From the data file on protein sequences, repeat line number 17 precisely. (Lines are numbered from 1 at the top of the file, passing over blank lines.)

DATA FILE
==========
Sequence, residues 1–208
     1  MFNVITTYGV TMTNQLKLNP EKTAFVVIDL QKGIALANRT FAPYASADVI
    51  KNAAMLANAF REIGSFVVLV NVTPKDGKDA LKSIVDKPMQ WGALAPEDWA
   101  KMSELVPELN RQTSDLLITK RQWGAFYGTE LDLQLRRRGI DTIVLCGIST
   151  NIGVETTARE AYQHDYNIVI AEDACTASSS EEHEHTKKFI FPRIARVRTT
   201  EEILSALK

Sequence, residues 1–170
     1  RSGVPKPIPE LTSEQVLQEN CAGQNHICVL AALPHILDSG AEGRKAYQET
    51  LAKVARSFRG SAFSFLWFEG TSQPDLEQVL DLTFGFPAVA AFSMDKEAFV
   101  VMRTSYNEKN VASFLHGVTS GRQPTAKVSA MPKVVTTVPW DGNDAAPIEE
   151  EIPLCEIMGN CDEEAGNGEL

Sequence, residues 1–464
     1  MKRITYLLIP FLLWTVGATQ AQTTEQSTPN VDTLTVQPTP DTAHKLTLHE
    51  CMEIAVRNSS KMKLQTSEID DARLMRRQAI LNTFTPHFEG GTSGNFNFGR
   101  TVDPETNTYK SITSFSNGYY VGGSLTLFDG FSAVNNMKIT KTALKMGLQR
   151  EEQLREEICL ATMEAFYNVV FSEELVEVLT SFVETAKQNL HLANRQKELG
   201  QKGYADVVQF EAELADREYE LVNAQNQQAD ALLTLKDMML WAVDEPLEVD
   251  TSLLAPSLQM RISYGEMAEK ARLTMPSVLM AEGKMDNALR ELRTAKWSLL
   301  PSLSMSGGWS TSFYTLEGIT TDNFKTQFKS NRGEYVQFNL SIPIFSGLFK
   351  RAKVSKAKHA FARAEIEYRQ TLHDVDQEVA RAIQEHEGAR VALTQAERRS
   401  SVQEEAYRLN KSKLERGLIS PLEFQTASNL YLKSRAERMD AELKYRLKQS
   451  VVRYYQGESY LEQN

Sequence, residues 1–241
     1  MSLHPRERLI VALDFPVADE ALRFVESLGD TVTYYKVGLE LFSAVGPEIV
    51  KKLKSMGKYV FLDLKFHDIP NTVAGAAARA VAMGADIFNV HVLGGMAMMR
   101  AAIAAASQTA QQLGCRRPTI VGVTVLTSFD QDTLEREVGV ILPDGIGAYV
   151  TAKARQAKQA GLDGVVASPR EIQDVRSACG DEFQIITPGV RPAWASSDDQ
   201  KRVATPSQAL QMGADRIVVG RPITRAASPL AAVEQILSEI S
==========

   201  QKGYADVVQF EAELADREYE LVNAQNQQAD ALLTLKDMML WAVDEPLEVD